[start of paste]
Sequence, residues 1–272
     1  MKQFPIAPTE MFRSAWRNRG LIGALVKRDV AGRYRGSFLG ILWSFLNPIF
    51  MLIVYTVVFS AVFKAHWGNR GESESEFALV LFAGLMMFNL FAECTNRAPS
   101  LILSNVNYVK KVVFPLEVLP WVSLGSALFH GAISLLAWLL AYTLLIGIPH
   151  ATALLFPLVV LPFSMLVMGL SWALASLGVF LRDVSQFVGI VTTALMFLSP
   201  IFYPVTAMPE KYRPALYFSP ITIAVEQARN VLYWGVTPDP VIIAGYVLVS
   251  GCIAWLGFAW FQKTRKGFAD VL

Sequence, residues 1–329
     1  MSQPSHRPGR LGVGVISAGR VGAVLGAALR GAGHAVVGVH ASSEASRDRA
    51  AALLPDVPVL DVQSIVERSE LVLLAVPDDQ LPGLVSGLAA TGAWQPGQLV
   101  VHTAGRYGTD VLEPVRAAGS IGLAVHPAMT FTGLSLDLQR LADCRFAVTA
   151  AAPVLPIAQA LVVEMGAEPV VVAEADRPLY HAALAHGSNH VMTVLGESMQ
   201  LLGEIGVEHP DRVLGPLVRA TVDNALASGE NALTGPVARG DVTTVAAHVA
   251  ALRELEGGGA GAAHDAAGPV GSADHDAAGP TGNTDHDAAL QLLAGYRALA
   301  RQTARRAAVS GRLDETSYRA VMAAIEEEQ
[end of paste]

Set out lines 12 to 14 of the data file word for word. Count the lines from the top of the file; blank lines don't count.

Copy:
   151  AAPVLPIAQA LVVEMGAEPV VVAEADRPLY HAALAHGSNH VMTVLGESMQ
   201  LLGEIGVEHP DRVLGPLVRA TVDNALASGE NALTGPVARG DVTTVAAHVA
   251  ALRELEGGGA GAAHDAAGPV GSADHDAAGP TGNTDHDAAL QLLAGYRALA